The Eastern Mennonite Board of Missions and Charities called the Stauffers and John and Ruth Mosemann to be their first overseas missions team. Elam and John were ordained on 19 April 1933. Elam and Orie Miller traveled to Africa to look for a field of service. They decided on Tanganyika (Tanzania). The Stauffers and Mosemanns arrived at Shirati on 26 May 1934. On 5 September 1938 Elam was ordained bishop of the emerging church. During their first furlough the Stauffers studied at Eastern Mennonite College.

From the beginning Elam Stauffer endeavored to avoid institutional missions and to concentrate on self-supporting, self-propagating, self-governing indigenous churches. Within seven years the mission had reached its goal of five stations, but half of those baptized had already left the church. Elam was the leader of both the missionary team and the head of what became the Kanisa la Mennonite Tanzania (Tanzania Mennonite Church). A major component of both roles was his Bible teaching ministry. His family life, his role as counselor, and his ministry in prayer contributed to his effective leadership. In 1964 he recognized it was time for a new generation of leaders to assume responsibility. Having ordained 18 pastors and deacons, he took steps to call the first Tanzanian bishop.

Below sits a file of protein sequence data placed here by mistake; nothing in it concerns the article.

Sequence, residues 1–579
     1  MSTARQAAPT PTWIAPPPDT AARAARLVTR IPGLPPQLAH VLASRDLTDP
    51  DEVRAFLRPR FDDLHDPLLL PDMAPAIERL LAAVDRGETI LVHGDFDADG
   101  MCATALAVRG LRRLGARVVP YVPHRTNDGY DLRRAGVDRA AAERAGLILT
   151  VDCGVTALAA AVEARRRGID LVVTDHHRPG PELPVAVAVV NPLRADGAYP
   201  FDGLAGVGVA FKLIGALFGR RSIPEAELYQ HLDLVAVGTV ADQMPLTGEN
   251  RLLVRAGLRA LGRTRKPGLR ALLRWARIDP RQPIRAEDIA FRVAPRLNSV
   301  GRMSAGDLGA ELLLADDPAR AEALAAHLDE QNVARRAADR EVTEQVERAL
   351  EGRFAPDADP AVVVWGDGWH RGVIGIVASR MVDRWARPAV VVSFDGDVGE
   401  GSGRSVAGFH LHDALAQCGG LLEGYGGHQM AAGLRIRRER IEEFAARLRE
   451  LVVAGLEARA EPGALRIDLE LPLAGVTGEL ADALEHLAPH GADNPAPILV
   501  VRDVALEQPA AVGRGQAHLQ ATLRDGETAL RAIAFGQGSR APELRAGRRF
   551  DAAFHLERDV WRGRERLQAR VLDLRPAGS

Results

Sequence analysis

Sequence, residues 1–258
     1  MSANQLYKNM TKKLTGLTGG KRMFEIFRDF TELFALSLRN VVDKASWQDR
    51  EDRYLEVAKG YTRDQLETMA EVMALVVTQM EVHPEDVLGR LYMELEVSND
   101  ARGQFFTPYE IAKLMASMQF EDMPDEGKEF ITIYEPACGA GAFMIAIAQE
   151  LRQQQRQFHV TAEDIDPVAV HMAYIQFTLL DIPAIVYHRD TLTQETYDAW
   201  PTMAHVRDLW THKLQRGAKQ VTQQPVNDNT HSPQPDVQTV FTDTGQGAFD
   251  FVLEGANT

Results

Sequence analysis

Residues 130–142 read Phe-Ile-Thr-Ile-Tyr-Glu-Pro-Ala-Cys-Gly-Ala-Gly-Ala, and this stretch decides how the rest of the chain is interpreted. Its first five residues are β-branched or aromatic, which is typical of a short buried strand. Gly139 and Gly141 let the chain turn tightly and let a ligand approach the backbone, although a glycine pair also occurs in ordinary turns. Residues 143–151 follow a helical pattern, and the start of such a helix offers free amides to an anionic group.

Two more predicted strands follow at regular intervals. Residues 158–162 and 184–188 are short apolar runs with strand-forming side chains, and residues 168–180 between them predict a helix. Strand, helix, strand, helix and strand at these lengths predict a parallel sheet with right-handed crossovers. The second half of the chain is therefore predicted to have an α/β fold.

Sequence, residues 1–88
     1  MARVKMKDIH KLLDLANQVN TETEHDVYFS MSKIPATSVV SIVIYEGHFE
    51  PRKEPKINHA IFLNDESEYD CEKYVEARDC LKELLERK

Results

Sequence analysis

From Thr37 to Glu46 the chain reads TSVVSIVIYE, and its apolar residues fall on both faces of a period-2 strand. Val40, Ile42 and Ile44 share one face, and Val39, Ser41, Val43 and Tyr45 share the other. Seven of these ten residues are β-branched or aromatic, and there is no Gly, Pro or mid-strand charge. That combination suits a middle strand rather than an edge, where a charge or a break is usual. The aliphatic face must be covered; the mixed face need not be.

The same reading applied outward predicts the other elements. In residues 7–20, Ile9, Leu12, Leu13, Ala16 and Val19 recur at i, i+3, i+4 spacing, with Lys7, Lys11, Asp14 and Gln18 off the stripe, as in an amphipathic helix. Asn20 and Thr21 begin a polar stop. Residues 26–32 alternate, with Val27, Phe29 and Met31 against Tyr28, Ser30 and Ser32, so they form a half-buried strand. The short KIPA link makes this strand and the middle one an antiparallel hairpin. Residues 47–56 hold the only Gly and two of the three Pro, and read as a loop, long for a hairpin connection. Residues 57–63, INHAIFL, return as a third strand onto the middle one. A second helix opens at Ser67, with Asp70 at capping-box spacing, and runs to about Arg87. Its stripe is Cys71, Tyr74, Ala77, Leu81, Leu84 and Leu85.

After his retirement in 1964, Elam had oversight of a few Lancaster Conference congregations. Most of his energies were spent in Bible teaching and promoting missions. He died 9 January 1981 at his home in Lancaster.

Bibliography

Brubaker, Dale. "Know Your Bishop.” Youth Messenger (2 March 1969): 4-5.

Hess, Mahlon M. The Pilgrimage of Faith of Tanzania Mennonite Church, 1934-83. Salunga, PA: Eastern Mennonite Board, 1985.

Missionary Messenger special memorial issue (October 1981): 215.

Stauffer, Elam W. "Report of Trip to Find a Location." Missionary Messenger (May 1934): 16-19 (July 1934): 14-18.

Stauffer, Elam W. "Separate unto Me Ezekiel and Andrea." Missionary Messenger (November 1950): 10-11.

Stauffer, Elam W. "Institutions and the Young Indigenous Church." Missionary Messenger (May 1953): 6, 8, 11.

Stauffer, Elam W. "I Commend You to God.” Missionary Messenger (August 1964): 2-4.

Stauffer, Elam W. "Confidence—There Is No Other Way.” Missionary Messenger (January 1978): 6.


Author(s) Mahlon M Hess
Date Published 1989


Cite This Article

MLA style

Hess, Mahlon M. "Stauffer, Elam (1899-1981)." Global Anabaptist Mennonite Encyclopedia Online. 1989. Web. 25 Jul 2014. http://gameo.org/index.php?title=Stauffer,_Elam_(1899-1981)&oldid=77894.

APA style

Hess, Mahlon M. (1989). Stauffer, Elam (1899-1981). Global Anabaptist Mennonite Encyclopedia Online. Retrieved 25 July 2014, from http://gameo.org/index.php?title=Stauffer,_Elam_(1899-1981)&oldid=77894.




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Adapted by permission of Herald Press, Harrisonburg, Virginia, and Waterloo, Ontario, from Mennonite Encyclopedia, Vol. 5, p. 856. All rights reserved. For information on ordering the encyclopedia visit the Herald Press website.